SDR# (v1.0.0.1732) – channel filter exploration

With plans to use an RTL-SDR dongle and SDR# (v1.0.0.1732) for an upcoming project, the Equivalent Noise Bandwidth (ENB) of several channel filter configurations were explored.

A first observation of listening to a SSB telephony signal is an excessive low frequency rumble from the speaker indicative of a baseband response to quite low frequencies, much lower than needed or desirable for SSB telephony.

500Hz CW filter

The most common application of such a filter is reception of A1 Morse code.

Above is a screenshot of the filter settings. Continue reading SDR# (v1.0.0.1732) – channel filter exploration

Noise figure of active loop amplifiers – the Ikin dynamic impedance method

Noise figure of active loop amplifiers – some thoughts discussed measurement of internal noise with particular application of active broadband loop antennas.

(Ikin 2016) proposes a different method of measuring noise figure NF.

Therefore, the LNA noise figure can be derived by measuring the noise with the LNA input terminated with a resistor equal to its input impedance. Then with the measurement repeated with the resistor removed, so that the LNA input is terminated by its own Dynamic Impedance. The difference in the noise ref. the above measurements will give a figure in dB which is equal to the noise reduction of the LNA verses thermal noise at 290K. Converting the dB difference into an attenuation power ratio then multiplying this by 290K gives the LNA Noise Temperature. Then using the Noise Temperature to dB conversion table yields the LNA Noise Figure. See Table 1.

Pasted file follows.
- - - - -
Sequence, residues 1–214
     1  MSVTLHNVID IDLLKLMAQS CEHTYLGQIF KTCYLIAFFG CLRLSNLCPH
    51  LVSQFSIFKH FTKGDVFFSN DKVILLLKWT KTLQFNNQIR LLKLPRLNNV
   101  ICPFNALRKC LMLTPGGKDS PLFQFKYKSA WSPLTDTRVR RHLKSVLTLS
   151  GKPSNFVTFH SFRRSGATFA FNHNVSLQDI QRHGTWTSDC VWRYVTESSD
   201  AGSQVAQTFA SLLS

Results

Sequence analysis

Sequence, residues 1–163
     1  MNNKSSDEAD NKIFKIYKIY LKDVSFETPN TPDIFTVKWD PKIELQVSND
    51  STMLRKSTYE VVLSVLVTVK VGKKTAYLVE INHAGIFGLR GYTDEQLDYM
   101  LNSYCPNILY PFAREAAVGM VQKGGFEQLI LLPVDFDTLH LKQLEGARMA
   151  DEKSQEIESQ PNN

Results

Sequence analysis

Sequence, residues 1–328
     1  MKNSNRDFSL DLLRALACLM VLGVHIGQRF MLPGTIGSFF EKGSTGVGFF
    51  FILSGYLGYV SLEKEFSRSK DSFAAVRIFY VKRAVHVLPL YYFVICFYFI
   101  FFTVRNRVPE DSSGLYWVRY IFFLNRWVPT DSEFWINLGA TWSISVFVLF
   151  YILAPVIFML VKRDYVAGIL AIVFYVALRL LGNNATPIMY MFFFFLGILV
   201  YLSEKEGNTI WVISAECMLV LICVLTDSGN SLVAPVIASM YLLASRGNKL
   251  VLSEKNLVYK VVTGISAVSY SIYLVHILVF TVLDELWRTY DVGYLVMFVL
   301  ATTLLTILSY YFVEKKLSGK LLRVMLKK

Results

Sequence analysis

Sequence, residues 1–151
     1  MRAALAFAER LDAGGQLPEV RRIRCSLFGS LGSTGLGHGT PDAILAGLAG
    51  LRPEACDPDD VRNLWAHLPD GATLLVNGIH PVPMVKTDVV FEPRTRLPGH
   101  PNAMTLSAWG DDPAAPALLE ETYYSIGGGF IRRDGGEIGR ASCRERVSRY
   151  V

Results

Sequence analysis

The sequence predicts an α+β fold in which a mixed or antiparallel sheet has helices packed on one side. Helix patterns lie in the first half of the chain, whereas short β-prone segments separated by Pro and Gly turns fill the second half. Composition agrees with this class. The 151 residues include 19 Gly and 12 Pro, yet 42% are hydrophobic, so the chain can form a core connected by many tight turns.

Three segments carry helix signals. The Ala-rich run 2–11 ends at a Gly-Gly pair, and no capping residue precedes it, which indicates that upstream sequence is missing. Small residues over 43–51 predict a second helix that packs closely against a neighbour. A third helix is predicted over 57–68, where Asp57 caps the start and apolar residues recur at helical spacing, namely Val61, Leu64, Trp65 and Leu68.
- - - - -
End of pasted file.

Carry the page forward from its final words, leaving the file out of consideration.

The explanation is not very clear to me, and there is no mathematical proof of the technique offered… so a bit unsatisfying… but it is oft cited in ham online discussions.

I have taken the liberty to extend Ikin’s Table 1 to include some more values of column 1 for comparison with a more conventional Y factor test of a receiver’s noise figure.

Above is the extended table. The formulas in all cells of a column are the same, the highlighted row is for later reference. Continue reading Noise figure of active loop amplifiers – the Ikin dynamic impedance method

Noise figure of active loop amplifiers – some thoughts

Review of noise

Let’s review of the concepts of noise figure, equivalent noise temperature and measurement.